Whether you are trying to lose a few pound or just want to maintain your weight, the holidays can be a difficult time of year! We’re here to help.
Going to Grandma’s for Thanksgiving
- The first and easiest tip is to pick a smaller plate. We often want to fill our plates to the max, so a smaller plate will help you limit what you eat.
- When eating turkey, go for the light meat over the dark meat. A 3-ounce serving of turkey breast — about the size of a deck of cards — contains 115 calories, 26 grams protein, less than a gram of fat, 71 mg cholesterol, no carbohydrate or fiber, and 44 mg sodium.
- Look for steamed vegetables instead of higher-calorie casseroles
- Try to limit carbs, choose either mashed potatoes or a roll, but not both
Simple changes if you are the chef
Unless you want some idealistic holiday photographs, you don’t need to present the whole turkey. Instead, look for a fresh turkey breast. A 5-pound to 6-pound turkey breast roasted at 325 °F will cook in about 2 hours. Basting with butter or oil isn’t necessary. Also, remove the skin before slicing and serving because that’s where most of the fat is. The breast will supply about 3 pounds of solid white meat.
Other tips for the feast:
- If you are cooking a turkey breast, you’ll need to create your own gravy. Start with nonfat chicken broth. To thicken, use a tablespoon of flour or cornstarch dissolved in a half cup of cold water. Stir it with a whisk. Add chopped mushrooms for a giblet.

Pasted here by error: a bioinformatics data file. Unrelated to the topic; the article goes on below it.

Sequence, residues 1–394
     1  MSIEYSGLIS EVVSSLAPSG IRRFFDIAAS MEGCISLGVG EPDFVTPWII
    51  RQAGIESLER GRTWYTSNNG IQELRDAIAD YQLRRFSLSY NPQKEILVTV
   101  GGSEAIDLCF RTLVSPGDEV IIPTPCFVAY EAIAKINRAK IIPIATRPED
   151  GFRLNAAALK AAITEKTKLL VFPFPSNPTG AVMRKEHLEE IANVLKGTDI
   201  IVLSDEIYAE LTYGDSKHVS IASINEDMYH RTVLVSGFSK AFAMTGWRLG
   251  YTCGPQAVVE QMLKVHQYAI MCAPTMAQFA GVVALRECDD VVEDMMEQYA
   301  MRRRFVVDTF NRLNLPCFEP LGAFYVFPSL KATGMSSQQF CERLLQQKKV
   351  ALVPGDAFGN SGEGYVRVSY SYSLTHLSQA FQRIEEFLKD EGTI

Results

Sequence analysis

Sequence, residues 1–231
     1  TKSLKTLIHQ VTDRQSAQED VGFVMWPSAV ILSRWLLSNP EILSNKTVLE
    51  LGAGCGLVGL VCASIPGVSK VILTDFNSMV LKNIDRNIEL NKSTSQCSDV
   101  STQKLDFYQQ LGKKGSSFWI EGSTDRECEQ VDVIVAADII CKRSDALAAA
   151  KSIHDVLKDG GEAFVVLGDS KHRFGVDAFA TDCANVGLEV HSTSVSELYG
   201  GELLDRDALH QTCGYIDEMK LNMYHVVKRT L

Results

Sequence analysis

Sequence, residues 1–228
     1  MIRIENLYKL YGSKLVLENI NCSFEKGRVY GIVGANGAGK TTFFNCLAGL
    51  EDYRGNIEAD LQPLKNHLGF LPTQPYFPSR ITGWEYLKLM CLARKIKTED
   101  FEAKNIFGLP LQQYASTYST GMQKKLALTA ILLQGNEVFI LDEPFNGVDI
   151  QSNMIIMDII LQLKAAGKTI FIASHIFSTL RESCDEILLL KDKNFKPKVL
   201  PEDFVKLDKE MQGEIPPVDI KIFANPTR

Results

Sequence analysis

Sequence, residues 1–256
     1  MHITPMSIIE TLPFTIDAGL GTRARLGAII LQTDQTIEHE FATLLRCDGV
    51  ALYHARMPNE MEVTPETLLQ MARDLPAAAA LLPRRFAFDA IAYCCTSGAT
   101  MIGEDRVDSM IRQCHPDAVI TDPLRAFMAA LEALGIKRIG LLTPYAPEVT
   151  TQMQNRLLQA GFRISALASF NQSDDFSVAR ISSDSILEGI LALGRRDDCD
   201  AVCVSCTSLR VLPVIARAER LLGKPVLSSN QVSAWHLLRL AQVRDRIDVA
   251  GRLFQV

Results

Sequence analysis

- Instead of adding butter or oil to your vegetables, let them be themselves. Steam the beans and use fresh-cut veggies as an appetizer tray, maybe with a little low-fat dip. Plain sweet potatoes — hold the marshmallows, please — add color to your plate.
- Shoot for quality, not quantity. Reduce the amount of food you prepare. Instead of 14 dishes, limit it to seven or eight dishes. Doing so will save time and money and spare you from eating leftovers for the next several days.
You may try all of these tips and still overeat. It’s okay to slip up every once and a while, especially on a holiday! Don’t beat yourself up. Simply get back on track tomorrow, and maybe end the day with a brisk walk with your family.
Need help with the turkey? You can call the USDA Meat and Poultry Hotline toll-free at 888-674-6854 from 10 a.m. to 4 p.m. weekdays except for federal holidays and Thanksgiving Day when it’s open from 8 a.m. to 2 p.m.
Find additional healthy tips and recipes at Covenant’s free online Health Library here: Library.CovenantHealth.com